Tuesday, February 17, 2009

Skunks and rabies

Skunk mating season is upon us, so be sure to supervise your dogs carefully when they are outside. Getting skunked is no fun for dog or owner! Skunks have been more active recently; I smelled one at my house last week when I let the dogs out in the morning and later I saw what I presumed to be the culprit, a freshly killed skunk in the road nearly a mile away.



Should your dog get skunked, you can try this recipe for decreasing the odor:



1 quart hydrogen peroxide

1/2 cup baking soda

2 tsp dishwashing liquid



Mix together and rub over entire coat. Allow to sit for about 10 minutes. DO NOT wet the dog first. DO NOT attempt to store once it is mixed- it will explode. This may lighten the dog's coat- just like a peroxide blonde! I have also used it with some success on dogs who have gotten into sewers or other stinky things.



In Kentucky, skunks are our most common animal diagnosed with rabies. There have already been 10 confirmed cases of rabies in Ky in 2009; 5 of these were in Fayette county (Lexington area) which is usually an area with multiple cases each year. 6 of the 10 cases so far this year were in skunks; one was in a dog, one in a horse. In Kenton, Boone, and Campbell counties we are most likely to see rabies in a bat. Kenton had confirmed cases of bat rabies in 2001, 2002, and 2006; Boone in 2004, and Campbell in 2001. Over the past 10 years Kentucky has typically seen 20-45 cases of rabies per year. In 2008 there were 6 cases in dogs and 1 in a cat; in 2007 5 dogs and 2 cats; and in 2006 5 dogs and 4 cats.

Make certain your pets are up to date on their rabies vaccinations. Should your pet have a bite wound of unknown origin, their rabies vaccine should be boostered. If you plan to travel with your pet in the Lexington area, you would be wise to carry a copy of your rabies certificate with you.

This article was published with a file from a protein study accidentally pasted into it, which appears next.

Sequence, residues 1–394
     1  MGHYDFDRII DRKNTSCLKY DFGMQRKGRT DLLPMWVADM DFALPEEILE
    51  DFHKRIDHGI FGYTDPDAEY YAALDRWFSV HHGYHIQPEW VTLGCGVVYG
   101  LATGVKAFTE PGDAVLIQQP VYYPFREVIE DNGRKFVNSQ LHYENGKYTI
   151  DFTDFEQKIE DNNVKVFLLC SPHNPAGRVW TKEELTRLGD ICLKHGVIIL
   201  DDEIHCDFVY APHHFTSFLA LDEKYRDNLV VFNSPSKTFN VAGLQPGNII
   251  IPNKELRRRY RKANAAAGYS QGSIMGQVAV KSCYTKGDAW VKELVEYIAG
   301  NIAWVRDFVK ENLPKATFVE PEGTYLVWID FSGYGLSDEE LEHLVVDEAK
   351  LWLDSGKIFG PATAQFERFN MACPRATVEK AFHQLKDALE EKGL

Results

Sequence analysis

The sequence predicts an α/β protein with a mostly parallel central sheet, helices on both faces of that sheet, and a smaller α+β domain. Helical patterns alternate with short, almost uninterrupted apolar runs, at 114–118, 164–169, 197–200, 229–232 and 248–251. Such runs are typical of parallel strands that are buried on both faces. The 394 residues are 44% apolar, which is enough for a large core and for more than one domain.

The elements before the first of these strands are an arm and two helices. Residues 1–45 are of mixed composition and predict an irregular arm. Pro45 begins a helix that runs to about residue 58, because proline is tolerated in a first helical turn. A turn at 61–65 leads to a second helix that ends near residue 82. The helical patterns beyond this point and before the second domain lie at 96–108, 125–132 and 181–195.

Also remember if your pet needs to be euthanized for any reason, is not current on its rabies vaccine, and has bitten someone recently, it MUST either go through a quarantine period first or have its brain submitted for testing after death. This is a legal requirement, not a requirement of our hospital. So be sure to keep your pet up to date to avoid any unpleasant issues around an already difficult time.

And be very careful in approaching wildlife and in allowing your pets to approach. Rabies is a real disease and it does really happen in this day and age!

Sunday, February 15, 2009

Tuesday, February 10, 2009

The dreaded nail trim...

One of the most universally hated procedures we do is the nail trim. Clients hate to do them at home, dogs hate to have them done, and I hate to do them on someone else's dogs ;-). Amazing that such a simple, easily trained procedure can be the cause of such angst.

Recently there has been a lot of TV time spent promoting a product called the "Pedipaws" and it's cousin the "Peticure". These products are both basically nail GRINDERS as opposed to nail CLIPPERS. In the TV commercials, the dogs relax on the couch and let their owners effortlessly grind the nails away....but we've all been around the block a few times and fallen prey to those infomercials before, right? Flowbee, anyone?

Here's an entertaining video about what REALLY might happen if you try one of these products
:



Ok, here's the skinny on these products. For years show groomers have used nail grinders on their dogs. These can be either products specifically made for the purpose, or many use a dremel drill with a sandpaper cylinder or grinding stone. I use a dremel mini mite cordless on my own dogs; for a larger dog you probably need a full sized one. The main difference in the TV products is they have a "guard" which is supposed to protect you from trimming too short. Now, I haven't personally used these products, only looked at them. To me the guard does not look like it is going to prevent anything and I am a bit worried that some dogs could be at risk for getting their nail caught in it. However, the guard is removable. The products themselves should be fine to use, they look a little less sturdy to me than a typical dremel or nail grinder, but they're also probably a little cheaper.